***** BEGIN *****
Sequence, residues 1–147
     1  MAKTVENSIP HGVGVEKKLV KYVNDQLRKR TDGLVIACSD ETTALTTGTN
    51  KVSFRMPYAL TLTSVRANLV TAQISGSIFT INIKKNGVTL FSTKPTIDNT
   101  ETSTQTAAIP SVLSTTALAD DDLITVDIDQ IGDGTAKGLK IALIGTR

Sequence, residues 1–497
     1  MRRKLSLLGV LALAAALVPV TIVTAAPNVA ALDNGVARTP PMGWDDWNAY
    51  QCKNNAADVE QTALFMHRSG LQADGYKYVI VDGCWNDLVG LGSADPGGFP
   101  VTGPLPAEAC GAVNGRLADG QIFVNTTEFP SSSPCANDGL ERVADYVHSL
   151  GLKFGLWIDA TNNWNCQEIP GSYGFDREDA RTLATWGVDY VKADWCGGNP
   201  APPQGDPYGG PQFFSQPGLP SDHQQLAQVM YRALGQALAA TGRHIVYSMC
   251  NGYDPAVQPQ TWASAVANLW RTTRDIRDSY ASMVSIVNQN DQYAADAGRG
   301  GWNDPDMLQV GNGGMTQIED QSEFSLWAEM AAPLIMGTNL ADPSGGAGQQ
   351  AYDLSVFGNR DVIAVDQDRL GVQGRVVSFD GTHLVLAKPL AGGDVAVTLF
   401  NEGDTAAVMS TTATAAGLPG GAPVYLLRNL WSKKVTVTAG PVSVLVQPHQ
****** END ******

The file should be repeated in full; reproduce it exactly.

Sequence, residues 1–147
     1  MAKTVENSIP HGVGVEKKLV KYVNDQLRKR TDGLVIACSD ETTALTTGTN
    51  KVSFRMPYAL TLTSVRANLV TAQISGSIFT INIKKNGVTL FSTKPTIDNT
   101  ETSTQTAAIP SVLSTTALAD DDLITVDIDQ IGDGTAKGLK IALIGTR

Sequence, residues 1–497
     1  MRRKLSLLGV LALAAALVPV TIVTAAPNVA ALDNGVARTP PMGWDDWNAY
    51  QCKNNAADVE QTALFMHRSG LQADGYKYVI VDGCWNDLVG LGSADPGGFP
   101  VTGPLPAEAC GAVNGRLADG QIFVNTTEFP SSSPCANDGL ERVADYVHSL
   151  GLKFGLWIDA TNNWNCQEIP GSYGFDREDA RTLATWGVDY VKADWCGGNP
   201  APPQGDPYGG PQFFSQPGLP SDHQQLAQVM YRALGQALAA TGRHIVYSMC
   251  NGYDPAVQPQ TWASAVANLW RTTRDIRDSY ASMVSIVNQN DQYAADAGRG
   301  GWNDPDMLQV GNGGMTQIED QSEFSLWAEM AAPLIMGTNL ADPSGGAGQQ
   351  AYDLSVFGNR DVIAVDQDRL GVQGRVVSFD GTHLVLAKPL AGGDVAVTLF
   401  NEGDTAAVMS TTATAAGLPG GAPVYLLRNL WSKKVTVTAG PVSVLVQPHQ